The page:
President Barack Obama’s State of the Union proposed to enlarge the American promise of prosperity by introducing a new tax structure for the very wealthy, tax credits for families outside of the wealthy stratum, increased access to retirement plans for more American workers, and a plan to subsidize community college tuition. While there will be resistance to the president’s proposals, the impulse behind them is an appeal to an idealized form of decency that Lyndon B. Johnson believed would make his idea of a Great Society an American reality.
Fifty years ago this month, Johnson introduced his vision to Congress.
2014 demonstrated that, whatever the significance of Barack Obama’s two terms as our first African American president, we have hardly moved beyond national struggles over race and class. Failures to indict white policemen accused of the unjust killings of black men precipitated protests and online shouting matches about racial inequality, or just how to talk about race. Christians participated in (hopefully) profitable discussions such as the December 16, 2014 “A Time to Speak” event, hosted by Pastor Bryan Lorritts of Fellowship Memphis, at the Lorraine Motel and National Civil Rights Museum.
December 16 was also the 300th birthday of George Whitefield, the most important evangelist of the Great Awakening of the 18th century.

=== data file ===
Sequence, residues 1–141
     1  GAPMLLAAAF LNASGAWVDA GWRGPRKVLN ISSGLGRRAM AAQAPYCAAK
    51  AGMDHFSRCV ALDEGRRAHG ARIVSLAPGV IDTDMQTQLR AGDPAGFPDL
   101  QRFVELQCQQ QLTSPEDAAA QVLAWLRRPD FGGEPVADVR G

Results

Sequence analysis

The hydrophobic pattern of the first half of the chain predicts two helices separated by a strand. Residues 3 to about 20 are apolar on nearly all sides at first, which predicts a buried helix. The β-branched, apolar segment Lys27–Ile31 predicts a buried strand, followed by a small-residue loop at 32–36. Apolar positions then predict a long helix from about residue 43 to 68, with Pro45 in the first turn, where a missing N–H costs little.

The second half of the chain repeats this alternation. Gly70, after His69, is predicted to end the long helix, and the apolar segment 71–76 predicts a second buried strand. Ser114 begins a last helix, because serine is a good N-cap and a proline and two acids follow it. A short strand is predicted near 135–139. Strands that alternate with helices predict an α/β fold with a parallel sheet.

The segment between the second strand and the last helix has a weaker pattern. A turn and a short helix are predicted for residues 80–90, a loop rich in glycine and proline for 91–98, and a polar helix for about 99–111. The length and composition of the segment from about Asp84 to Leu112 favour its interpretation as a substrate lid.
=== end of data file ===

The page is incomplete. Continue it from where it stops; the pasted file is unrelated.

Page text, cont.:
A. M. Stroud III, a former prosecutor in Louisiana, expresses regret for the role he played in sending Glenn Ford to death row in 1984. “I was 33 years old. I was arrogant, judgmental, narcissistic and very full of myself. I was not as interested in justice as I was in winning.” Stroud says he presented dubious evidence from a forensic pathologist, precluded black jurors from the trial (Ford, since exonerated, is black), and ignored the fact that the appointed defense attorney had never before tried a criminal or capital case. “I . . . hope that providence will have more mercy for me than I showed Glenn Ford,” Stroud said in a letter to the editor of the Times of Shreveport. “But, I’m also sobered by the realization that I certainly am not deserving of it” (ABA Journal, March 25).